Wrights Group increases revenue but warns of future 'uncertainties'

Wrightbus boss William Wright

TURNOVER at Ballymena bus manufacturer Wrights Group accelerated last year reaching £276 million for 2015.

The figure was 16 per cent up on the previous 12 months and provided profits before tax of £11.7m.

The company last month told staff it planned to freeze recruitment.

In his strategic report filed with annual accounts at Companies House, company chairman Mark Nodder said the group was "continuing to implement cost reduction initiatives and will continue its drive for greater operational efficiency and a low cost, flexible supply chain".

Company owner William Wright was the only senior business figure in the north to come out in favour of the UK leaving the European Union.

Notes with the firm's accounts do not make any reference to Brexit but does say Wrights would focus on building its business beyond the EU.

"The group is committed to continue to strengthen key business relationships with the major bus operating groups and component suppliers in the UK and Europe and further developing strategic alliances in other international markets with both Volvo and Daimler, in particular," said Mr Nodder.

He said the outlook for 2016 was positive but with "some uncertainties surrounding the outcome of the pending bus services bill in the UK, and its consequential impact on the provision of bus services for the various operators, volume demand is likely to come under pressure throughout the year".

The bill proposes franchising powers for local authorities in England which the government said will allow them to operate similar to Transport for London.

Currently services outside London are dominated by a small number of big providers such as First and National Express.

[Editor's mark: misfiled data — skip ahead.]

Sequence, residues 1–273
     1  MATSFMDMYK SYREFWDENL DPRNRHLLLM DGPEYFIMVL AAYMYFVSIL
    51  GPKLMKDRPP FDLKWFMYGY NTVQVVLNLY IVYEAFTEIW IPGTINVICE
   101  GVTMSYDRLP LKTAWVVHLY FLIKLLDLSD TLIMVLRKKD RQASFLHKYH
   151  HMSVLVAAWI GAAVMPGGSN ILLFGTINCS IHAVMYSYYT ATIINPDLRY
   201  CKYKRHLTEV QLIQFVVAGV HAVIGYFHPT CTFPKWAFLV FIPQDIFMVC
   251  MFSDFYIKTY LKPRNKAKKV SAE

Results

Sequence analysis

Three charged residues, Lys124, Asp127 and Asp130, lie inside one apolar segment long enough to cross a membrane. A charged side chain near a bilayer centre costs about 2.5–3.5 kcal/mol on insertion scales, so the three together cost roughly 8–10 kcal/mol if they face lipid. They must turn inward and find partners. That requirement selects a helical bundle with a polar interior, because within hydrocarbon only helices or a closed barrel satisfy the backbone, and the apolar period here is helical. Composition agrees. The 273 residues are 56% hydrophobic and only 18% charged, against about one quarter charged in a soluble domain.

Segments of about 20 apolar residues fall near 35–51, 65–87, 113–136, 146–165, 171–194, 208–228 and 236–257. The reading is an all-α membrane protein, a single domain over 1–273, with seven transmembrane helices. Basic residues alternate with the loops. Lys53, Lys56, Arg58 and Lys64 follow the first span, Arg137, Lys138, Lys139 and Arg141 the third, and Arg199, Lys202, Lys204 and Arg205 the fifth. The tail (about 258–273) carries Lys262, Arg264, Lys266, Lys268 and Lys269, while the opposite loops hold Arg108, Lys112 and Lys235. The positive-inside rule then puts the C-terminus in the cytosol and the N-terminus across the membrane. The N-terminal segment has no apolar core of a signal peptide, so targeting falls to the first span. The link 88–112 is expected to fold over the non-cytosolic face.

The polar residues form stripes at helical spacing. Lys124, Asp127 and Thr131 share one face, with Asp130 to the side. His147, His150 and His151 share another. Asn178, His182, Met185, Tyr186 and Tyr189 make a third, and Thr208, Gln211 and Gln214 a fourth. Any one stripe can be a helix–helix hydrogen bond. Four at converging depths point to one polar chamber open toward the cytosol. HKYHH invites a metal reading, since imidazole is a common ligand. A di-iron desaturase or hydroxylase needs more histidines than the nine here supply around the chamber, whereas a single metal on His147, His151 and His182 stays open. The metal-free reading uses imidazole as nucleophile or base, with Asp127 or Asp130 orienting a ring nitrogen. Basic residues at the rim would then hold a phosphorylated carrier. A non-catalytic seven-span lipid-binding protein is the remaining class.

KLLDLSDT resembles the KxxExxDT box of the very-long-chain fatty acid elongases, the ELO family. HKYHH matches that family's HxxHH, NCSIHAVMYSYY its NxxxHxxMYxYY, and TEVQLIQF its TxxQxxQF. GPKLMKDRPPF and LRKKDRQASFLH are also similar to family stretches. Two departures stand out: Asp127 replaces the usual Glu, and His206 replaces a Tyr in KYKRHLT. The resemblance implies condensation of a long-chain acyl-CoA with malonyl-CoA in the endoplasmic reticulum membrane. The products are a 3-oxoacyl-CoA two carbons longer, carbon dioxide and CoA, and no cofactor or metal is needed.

The statement continued: "We fully recognise the importance to our customer base of delivering high quality buses, to the specification required, on time and supporting these vehicles in the field through an improved after care service. We will therefore continue to invest in our manufacturing processes, after sales support and reliability engineering functions to achieve these objectives."

In August, staff at Wrightbus were told of an employment freeze due to the company facing "a number of challenges in both the local and overseas markets".

The company's payroll increased to 1,741 people on average last year (from 1,552) making the wage bill almost £52.5 million.

Meanwhile, payment - including pension contributions - to directors roughly doubled reaching more than £2.3m.

The Wrights Group is ultimately owned by the Cornerstone Group to which it paid £4m "to fund its commitment to Christian, evangelical and other charitable activities".

The firm makes buses for customers across the world and has facilities as far away as Singapore and India.

Earlier this year, it received a £62m order from Transport for London (TfL) for 195 of the iconic Routemaster double-decker buses.

It will complete a delivery of 1,000 so-called Boris buses to the UK capital.


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